Kansas utility regulators may ask U.S. Supreme Court to review rate case

photo by: Associated Press

In this Oct. 10, 2017 photo, the Supreme Court in Washington, D.C. is seen at sunset.

Kansas utility regulators said Thursday that they may ask the U.S. Supreme Court to review a case challenging the federal government’s authority to set certain kinds of rates that ultimately affect every electric customer’s monthly bills.

But first, they want advice from Kansas Attorney General Derek Schmidt.

The Kansas Corporation Commission voted 3-0 to ask Schmidt whether it would be possible to appeal a decision of a federal appellate court, which ruled in February that the KCC had no standing to challenge a decision from the Federal Energy Regulatory Commission, or FERC, involving rates charged by interstate electric transmission companies.

The case involves an aspect of the public utility business that most customers rarely think about, but which can have a substantial impact on the ultimate rates they pay for electricity — the wholesale purchase of power from one utility to another through transmission lines that run across state lines.

Those are the kinds of transactions that enable, for example, Westar Energy to buy power, when it needs to, from a hydroelectric dam in Texas. The cost of transmission across those lines is then automatically built into customers’ utility bills.

The authority to decide what companies get to construct those transmission lines, establish rates and recover charges on behalf of the transmission companies’ lines belongs to a number of regional “power pools” across the United States. Kansas is a member of the Southwest Power Pool, which also serves all or parts of 13 other states.

Those power pools, in turn, are regulated by FERC which, under federal law, is required to review and approve rates to ensure that the rates being charged are “just and reasonable.”

Companies are given authority to construct new projects through a bidding process, and that process is open to both existing transmission companies and new companies just entering the market.

The controversy began in 2015 when two new companies, Transource and Kanstar, decided they wanted to get into the market in the SPP region. Both are holding companies that sought to set up a number of different state-specific subsidiaries in the region, starting with Kansas.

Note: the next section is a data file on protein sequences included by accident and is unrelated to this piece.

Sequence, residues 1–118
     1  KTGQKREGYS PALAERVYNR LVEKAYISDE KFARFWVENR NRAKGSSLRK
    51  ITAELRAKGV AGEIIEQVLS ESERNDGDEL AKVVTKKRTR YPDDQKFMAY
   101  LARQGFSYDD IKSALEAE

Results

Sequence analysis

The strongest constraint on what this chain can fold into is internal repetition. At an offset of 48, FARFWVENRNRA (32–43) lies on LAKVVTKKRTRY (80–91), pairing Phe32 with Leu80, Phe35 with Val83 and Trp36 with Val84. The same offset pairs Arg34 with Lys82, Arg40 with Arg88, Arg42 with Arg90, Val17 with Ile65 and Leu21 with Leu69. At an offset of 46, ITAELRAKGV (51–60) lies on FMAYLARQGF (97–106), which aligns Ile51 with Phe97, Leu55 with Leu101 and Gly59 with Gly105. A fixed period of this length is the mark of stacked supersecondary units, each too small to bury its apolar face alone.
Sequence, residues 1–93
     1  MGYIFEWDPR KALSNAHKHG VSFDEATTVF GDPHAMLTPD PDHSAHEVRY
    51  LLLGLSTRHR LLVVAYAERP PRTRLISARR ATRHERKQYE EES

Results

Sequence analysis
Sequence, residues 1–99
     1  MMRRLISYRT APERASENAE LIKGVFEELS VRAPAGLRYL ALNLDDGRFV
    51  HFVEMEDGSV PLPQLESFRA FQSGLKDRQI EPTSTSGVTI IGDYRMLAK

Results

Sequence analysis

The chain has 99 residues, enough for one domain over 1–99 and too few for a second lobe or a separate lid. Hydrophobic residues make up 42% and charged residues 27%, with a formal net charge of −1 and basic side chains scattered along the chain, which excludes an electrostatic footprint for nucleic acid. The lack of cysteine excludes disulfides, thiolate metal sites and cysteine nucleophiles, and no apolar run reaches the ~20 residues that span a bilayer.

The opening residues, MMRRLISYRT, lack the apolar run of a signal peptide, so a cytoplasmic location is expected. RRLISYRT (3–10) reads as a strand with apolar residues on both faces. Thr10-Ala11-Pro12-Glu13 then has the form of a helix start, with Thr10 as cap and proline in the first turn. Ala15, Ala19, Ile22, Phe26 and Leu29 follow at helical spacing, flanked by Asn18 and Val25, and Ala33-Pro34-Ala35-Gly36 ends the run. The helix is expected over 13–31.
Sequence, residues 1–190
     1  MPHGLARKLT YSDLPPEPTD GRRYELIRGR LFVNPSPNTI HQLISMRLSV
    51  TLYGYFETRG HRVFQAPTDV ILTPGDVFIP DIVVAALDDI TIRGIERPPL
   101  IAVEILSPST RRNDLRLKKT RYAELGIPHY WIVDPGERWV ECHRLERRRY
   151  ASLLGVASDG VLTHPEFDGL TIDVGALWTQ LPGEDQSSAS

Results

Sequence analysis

Those companies sought to obtain preapproval for the base rates they could charge to recover costs, if they were to construct a project in Kansas. In addition, they wanted the preapproved rates in Kansas to be used as a template for future subsidiaries they might set up in other states without having to go through the same application and review process again.

Preapproval was needed, they argued, because without it, they would be at a competitive disadvantage to existing companies that already have rates in place. Also, they said, in order to compete, they must submit their bids within 180 days of notice, but it can take upward of a year or two for FERC to approve their rates, thus making it impractical to wait for FERC approval before the bidding window opens.

The KCC filed objections in both of those cases, arguing that FERC had no authority to approve rates for future subsidiaries that hadn’t even been formed yet. By doing so, KCC said, the burden of proof would be reversed in future cases. Instead of transmission companies and FERC bearing the burden to show that rates were just and reasonable, state regulators would have to prove they were unjust and unreasonable.

In 2016, though, FERC rejected those arguments. The KCC appealed to the D.C. Circuit Court of Appeals, but in February, the appellate court rejected the state’s argument, saying it did not have standing because it had not yet suffered any specific harm.

Attorney General Schmidt is now being asked whether it would be worth the state’s time and effort to appeal further.


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